Religion in China: Cracks in the atheist edifice - "Yang Fenggang of Purdue University, in Indiana, says the Christian church in China has grown by an average of 10% a year since 1980. He reckons that on current trends there will be 250m Christians by around 2030, making China's Christian population the largest in the world. Mr Yang says this speed of growth is similar to that seen in fourth-century Rome just before the conversion of Constantine, which paved the way for Christianity to become the religion of his empire." [more inside]
Social Evolution - The Ritual Animal "Praying, fighting, dancing, chanting — human rituals could illuminate the growth of community and the origins of civilization." [more inside]
"Parting with treasure easier said than done: Churchgoers give far less than they think" is the latest feature article from the Association of Religion Data Archives, which "strives to democratize access to the best data on religion." The site includes a browsable archive of religious survey data, a quick statistical roundup, international religious profiles, feature articles on topics like the rise of Mormons, Muslims and nondenominational churches in the USA ("nondenominational and independent churches may now be considered the third largest religious group in the country...Only the Catholic Church and the Southern Baptist Convention are larger"), links to sources like the 2010 U.S. Religious Census, a Religion Research Hub (with tutorials and helpful advice on best practices when theorizing, conceptualizing and measuring religious behavior) and lots more.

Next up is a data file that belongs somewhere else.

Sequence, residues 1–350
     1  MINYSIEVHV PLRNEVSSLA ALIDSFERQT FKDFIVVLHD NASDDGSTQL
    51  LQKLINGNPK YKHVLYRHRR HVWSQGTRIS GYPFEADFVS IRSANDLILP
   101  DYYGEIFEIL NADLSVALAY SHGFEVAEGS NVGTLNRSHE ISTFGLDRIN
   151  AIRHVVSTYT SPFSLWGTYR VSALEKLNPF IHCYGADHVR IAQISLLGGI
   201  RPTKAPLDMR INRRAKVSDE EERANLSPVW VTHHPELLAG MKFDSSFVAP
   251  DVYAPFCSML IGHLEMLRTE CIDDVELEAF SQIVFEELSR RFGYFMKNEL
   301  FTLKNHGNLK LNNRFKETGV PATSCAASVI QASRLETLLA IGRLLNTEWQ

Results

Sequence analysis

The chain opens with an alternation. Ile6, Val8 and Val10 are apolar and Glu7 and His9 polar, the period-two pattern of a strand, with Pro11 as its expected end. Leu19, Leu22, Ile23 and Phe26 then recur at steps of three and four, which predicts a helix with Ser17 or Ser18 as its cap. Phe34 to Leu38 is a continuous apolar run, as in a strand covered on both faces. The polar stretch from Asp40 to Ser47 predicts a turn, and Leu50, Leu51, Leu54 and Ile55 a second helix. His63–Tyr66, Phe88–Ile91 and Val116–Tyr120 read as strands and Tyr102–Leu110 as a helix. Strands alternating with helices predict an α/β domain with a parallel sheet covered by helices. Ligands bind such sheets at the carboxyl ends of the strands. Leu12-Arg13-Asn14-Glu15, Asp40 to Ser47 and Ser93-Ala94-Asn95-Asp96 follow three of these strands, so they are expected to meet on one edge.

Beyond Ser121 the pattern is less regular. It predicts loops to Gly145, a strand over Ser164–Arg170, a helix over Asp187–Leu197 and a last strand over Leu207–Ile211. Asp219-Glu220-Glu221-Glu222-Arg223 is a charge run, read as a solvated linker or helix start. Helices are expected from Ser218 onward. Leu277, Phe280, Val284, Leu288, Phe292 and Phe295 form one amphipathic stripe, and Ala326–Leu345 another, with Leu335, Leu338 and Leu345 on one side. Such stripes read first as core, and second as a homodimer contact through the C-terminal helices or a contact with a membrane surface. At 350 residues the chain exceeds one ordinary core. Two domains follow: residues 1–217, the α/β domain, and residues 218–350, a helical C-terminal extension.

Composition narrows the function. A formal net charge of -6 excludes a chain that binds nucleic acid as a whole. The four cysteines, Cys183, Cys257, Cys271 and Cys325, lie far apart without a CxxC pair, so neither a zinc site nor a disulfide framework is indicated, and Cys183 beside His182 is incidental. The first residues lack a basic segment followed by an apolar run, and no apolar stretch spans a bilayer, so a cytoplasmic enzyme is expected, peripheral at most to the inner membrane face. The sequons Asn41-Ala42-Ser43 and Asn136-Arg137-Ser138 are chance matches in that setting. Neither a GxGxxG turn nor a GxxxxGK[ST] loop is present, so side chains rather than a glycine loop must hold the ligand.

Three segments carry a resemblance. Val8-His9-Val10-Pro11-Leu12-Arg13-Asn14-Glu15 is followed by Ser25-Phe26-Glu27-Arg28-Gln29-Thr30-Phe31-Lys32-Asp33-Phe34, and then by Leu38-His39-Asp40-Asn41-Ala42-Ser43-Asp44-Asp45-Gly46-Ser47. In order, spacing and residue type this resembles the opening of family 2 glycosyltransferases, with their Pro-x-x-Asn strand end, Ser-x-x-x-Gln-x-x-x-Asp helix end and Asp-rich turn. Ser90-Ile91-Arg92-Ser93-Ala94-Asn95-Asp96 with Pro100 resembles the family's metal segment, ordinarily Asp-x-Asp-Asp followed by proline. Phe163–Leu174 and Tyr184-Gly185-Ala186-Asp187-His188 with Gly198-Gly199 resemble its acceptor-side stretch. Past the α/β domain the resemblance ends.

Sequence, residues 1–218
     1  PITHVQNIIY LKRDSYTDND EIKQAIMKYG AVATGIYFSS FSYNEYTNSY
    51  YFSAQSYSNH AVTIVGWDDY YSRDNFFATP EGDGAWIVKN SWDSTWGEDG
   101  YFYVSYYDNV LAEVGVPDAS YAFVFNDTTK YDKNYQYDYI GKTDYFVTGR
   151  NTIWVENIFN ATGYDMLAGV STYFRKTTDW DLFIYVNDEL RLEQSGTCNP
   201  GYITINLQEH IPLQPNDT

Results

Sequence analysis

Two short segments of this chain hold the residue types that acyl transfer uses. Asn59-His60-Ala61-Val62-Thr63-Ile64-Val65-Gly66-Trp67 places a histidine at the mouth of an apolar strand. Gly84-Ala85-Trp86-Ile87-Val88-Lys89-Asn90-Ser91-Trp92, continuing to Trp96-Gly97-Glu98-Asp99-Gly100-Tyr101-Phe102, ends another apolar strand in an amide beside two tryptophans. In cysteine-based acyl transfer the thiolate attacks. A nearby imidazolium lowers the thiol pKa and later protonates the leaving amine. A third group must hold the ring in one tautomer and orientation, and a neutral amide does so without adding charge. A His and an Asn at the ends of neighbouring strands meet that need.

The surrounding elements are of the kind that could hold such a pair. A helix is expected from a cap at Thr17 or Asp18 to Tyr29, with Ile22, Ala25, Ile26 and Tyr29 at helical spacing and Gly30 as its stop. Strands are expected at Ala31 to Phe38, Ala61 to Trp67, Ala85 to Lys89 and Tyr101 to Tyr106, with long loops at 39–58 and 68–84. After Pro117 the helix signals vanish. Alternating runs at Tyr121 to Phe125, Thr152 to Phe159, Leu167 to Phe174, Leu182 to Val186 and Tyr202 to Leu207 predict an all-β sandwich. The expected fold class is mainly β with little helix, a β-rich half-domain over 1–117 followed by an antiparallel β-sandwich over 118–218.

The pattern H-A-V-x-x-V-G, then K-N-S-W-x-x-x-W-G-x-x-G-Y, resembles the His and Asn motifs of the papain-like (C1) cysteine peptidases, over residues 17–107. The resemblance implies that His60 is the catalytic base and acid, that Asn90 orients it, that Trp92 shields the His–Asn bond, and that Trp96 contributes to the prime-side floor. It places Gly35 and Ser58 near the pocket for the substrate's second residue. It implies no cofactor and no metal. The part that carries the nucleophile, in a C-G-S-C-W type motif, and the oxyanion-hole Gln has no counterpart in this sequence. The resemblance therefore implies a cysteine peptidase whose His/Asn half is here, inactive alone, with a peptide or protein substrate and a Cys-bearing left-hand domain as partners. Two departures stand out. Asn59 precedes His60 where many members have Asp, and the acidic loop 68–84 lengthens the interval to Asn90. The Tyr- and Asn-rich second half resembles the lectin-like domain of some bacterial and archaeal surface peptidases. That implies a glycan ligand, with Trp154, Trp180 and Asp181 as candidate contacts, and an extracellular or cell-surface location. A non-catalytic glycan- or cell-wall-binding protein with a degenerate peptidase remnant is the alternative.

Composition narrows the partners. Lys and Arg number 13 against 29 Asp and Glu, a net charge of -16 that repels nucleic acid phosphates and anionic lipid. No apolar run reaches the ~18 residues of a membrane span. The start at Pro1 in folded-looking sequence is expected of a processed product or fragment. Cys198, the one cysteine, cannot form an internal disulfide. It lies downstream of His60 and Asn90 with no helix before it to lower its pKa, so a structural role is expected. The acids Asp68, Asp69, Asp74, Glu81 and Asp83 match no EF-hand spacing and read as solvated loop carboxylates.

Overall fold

Going Straight: My Ex-Gay Friend Also: Living the Good Lie: Therapists Who Help People Stay in the Closet. (Both links NYT, via)
Science vs. Religion: a new book, Science and Religion: What Scientists Really Think by Rice University sociologist Elaine Ecklund, discusses the results of her detailed study of 1,646 scientists at top American research universities. Among her findings: ~36% of those surveyed not only believe in God but also practice a form of closeted, often non-traditional faith. They worry about how their peers would react to learning about their religious views. Interview with the author from the Center for Inquiry's Point of Inquiry podcast. Also, here's a webcast from an author discussion forum held at Rice University on April 7th. [more inside]
A new study suggests that humanity's sense of fair play and kindness towards strangers is determined by culture, not genetics. Speculation: the finding may be directly related to the rise of religion in human history, as well as more complex economies. (Via). [more inside]